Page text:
Bioenergy


The 50 Best Inventions of 2009 - The Electric Microbe

 

Bacteria have always gotten a bad rap. But we should be thankful for one especially talented microbe, Geobacter, which has tiny hairlike extensions called pili that it uses to generate electricity from mud and wastewater. Professor Derek Lovley and his team of researchers at the University of Massachusetts at Amherst have engineered a strain of Geobacter that's eight times as efficient as other strains at producing power. The next step: creating Geobacter-based fuel cells that can generate cheap, clean electricity.

-> Read article at Time.com

 

Geobacterspecies have a number of important bioenergy applications.  Recent studies have demonstrated that they can be abundant components of the microbial aggregates that form in anaerobic digestors converting organic wastes to methane.  They can act as syntrophs, degrading organic compounds to acetate that methanogens in the aggregates then consume to produce methane.  Electrons derived from Geobacter metabolism may be fed directly to the methanogens through electrically conductive networks that have been detected within the aggregates.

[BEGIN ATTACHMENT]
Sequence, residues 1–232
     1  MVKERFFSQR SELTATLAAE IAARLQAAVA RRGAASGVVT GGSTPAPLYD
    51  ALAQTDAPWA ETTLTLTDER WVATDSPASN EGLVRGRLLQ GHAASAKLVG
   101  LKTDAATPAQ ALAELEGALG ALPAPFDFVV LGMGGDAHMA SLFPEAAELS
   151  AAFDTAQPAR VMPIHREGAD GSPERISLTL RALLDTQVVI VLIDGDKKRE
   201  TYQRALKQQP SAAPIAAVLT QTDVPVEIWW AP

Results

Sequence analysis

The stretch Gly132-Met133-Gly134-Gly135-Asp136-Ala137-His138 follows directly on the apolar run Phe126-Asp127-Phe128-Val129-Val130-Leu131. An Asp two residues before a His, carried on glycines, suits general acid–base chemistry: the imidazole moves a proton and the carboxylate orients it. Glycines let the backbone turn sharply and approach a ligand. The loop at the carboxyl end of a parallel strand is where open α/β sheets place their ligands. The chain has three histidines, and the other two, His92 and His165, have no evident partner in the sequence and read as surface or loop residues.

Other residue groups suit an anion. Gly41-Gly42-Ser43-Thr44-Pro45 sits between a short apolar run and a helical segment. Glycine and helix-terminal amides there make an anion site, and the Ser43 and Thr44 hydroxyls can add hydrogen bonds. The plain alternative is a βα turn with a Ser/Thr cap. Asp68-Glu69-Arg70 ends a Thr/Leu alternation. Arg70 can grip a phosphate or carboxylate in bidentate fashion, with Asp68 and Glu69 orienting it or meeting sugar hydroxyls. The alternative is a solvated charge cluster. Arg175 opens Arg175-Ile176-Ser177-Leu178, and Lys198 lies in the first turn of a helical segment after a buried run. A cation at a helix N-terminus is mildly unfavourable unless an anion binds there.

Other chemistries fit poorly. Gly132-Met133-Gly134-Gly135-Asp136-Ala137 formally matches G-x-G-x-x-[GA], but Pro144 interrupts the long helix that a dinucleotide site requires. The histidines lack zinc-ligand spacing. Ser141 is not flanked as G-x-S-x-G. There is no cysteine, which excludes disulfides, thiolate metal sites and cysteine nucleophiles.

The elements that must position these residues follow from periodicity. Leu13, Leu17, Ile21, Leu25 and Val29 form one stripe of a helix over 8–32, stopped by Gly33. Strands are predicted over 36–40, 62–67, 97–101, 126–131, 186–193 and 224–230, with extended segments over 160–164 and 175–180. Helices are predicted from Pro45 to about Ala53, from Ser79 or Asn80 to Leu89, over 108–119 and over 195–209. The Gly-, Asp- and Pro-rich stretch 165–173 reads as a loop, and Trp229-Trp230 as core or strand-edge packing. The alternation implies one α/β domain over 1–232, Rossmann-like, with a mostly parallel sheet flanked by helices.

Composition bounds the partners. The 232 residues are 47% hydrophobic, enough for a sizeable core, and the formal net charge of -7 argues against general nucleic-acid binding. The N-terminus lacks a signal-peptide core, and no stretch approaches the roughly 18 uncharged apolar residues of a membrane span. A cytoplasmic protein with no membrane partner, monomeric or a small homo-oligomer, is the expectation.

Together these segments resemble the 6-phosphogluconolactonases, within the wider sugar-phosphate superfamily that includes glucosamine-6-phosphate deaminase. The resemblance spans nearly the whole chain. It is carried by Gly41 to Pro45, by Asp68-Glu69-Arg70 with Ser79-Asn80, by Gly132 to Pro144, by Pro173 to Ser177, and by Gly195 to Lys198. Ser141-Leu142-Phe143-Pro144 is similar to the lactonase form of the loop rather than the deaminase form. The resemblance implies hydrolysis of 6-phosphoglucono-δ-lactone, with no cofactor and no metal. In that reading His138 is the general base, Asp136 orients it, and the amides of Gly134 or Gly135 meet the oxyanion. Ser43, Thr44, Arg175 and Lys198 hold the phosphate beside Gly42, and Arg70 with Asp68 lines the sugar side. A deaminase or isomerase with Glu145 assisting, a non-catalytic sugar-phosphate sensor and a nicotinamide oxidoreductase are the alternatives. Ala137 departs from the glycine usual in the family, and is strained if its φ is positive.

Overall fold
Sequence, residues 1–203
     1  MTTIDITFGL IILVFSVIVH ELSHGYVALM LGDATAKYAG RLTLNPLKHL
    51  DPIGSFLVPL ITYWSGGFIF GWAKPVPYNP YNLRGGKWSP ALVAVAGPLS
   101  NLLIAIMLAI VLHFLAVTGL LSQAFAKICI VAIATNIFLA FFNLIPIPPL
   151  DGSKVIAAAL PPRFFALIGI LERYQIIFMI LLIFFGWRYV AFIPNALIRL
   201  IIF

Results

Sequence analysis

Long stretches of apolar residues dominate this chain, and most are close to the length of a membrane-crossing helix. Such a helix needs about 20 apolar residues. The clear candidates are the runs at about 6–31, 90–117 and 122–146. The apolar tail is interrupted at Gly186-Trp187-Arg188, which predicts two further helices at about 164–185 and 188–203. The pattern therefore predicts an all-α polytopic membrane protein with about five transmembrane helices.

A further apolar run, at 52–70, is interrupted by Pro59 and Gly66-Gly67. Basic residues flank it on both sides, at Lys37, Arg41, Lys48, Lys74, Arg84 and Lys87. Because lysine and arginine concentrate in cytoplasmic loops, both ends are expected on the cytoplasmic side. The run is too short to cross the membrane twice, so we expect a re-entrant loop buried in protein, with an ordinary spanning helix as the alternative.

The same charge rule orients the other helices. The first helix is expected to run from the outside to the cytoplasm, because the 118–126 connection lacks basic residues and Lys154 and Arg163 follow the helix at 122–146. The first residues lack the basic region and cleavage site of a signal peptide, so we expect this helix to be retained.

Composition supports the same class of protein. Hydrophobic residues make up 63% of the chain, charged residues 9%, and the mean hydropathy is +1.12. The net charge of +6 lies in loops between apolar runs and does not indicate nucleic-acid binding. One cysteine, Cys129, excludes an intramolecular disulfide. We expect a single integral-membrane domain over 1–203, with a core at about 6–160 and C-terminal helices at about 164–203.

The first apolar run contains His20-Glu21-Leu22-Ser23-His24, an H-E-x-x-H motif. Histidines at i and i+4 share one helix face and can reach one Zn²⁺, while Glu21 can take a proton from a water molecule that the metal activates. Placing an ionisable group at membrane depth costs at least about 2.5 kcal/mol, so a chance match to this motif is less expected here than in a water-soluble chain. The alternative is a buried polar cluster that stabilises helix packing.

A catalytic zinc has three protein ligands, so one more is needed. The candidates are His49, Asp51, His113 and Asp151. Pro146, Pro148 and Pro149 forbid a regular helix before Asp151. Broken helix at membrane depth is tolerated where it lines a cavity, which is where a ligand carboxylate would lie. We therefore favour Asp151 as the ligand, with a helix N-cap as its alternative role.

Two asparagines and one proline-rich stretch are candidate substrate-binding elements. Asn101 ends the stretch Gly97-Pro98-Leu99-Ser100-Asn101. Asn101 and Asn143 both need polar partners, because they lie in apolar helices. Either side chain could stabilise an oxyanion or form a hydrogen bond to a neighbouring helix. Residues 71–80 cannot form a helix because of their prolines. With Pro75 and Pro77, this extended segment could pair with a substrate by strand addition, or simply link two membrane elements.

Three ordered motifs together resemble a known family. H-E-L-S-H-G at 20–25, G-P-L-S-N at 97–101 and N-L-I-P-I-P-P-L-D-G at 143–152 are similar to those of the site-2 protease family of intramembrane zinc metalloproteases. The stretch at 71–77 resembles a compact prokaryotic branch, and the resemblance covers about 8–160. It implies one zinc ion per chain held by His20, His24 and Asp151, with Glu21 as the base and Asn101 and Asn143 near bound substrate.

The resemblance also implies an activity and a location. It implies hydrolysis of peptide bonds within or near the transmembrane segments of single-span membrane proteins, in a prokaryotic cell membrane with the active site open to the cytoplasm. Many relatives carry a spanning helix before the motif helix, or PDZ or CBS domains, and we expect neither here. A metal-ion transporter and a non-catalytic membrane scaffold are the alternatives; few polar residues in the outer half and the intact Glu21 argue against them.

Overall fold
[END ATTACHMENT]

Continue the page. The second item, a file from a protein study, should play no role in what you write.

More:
Some Geobacter species are capable of electrosynthesis, using electrons derived from electrodes to reduce carbon dioxide to fuels or other useful organic compounds.

One of the most studied bioenergy applications of Geobacter species is their ability to oxidize organic compounds with electron transfer to electrodes.  Geobacter species were the first microorganisms found to derive energy to support growth from organic matter oxidation with an electrode serving as the sole electron acceptor and can produce the highest current densities of any pure culture.  Geobacter species are often the microorganisms most highly enriched on electrodes harvesting electricity from a diversity of environments.  Geobacter sulfurreducens has become the organism of choice for studying the mechanisms for direct electron transfer from microbial biofilms to electrodes.  Recent studies have demonstrated that it produces highly conductive biofilms that promote electron transfer to the electrode and releases the c-type cytochrome, OmcZ, which accumulates at the biofilm-electrode interface to promote electron transfer to the electrode.

 

Videos

 

Clip from Gatchan

Kids Science Challenge - Mud Batteries
Publications

For publications on electrosynthesis please visit www.electrofuels.org